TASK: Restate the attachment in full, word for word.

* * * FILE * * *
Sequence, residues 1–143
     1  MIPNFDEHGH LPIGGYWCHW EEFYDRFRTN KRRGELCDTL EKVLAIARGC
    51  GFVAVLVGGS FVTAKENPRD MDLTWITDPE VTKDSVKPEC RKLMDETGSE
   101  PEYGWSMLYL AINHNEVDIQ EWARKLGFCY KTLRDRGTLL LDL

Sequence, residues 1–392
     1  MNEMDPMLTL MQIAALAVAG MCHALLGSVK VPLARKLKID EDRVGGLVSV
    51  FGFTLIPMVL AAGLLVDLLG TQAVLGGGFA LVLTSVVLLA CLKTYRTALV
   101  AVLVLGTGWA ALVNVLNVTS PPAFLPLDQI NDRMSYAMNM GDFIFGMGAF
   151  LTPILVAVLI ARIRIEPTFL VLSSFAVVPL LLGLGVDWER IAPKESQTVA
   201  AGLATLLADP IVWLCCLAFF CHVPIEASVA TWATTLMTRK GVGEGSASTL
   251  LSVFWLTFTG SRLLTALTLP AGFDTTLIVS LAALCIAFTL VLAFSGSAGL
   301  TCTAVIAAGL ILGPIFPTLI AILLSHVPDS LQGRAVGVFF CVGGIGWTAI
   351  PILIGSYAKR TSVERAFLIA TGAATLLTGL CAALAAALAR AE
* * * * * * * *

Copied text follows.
Sequence, residues 1–143
     1  MIPNFDEHGH LPIGGYWCHW EEFYDRFRTN KRRGELCDTL EKVLAIARGC
    51  GFVAVLVGGS FVTAKENPRD MDLTWITDPE VTKDSVKPEC RKLMDETGSE
   101  PEYGWSMLYL AINHNEVDIQ EWARKLGFCY KTLRDRGTLL LDL

Sequence, residues 1–392
     1  MNEMDPMLTL MQIAALAVAG MCHALLGSVK VPLARKLKID EDRVGGLVSV
    51  FGFTLIPMVL AAGLLVDLLG TQAVLGGGFA LVLTSVVLLA CLKTYRTALV
   101  AVLVLGTGWA ALVNVLNVTS PPAFLPLDQI NDRMSYAMNM GDFIFGMGAF
   151  LTPILVAVLI ARIRIEPTFL VLSSFAVVPL LLGLGVDWER IAPKESQTVA
   201  AGLATLLADP IVWLCCLAFF CHVPIEASVA TWATTLMTRK GVGEGSASTL
   251  LSVFWLTFTG SRLLTALTLP AGFDTTLIVS LAALCIAFTL VLAFSGSAGL
   301  TCTAVIAAGL ILGPIFPTLI AILLSHVPDS LQGRAVGVFF CVGGIGWTAI
   351  PILIGSYAKR TSVERAFLIA TGAATLLTGL CAALAAALAR AE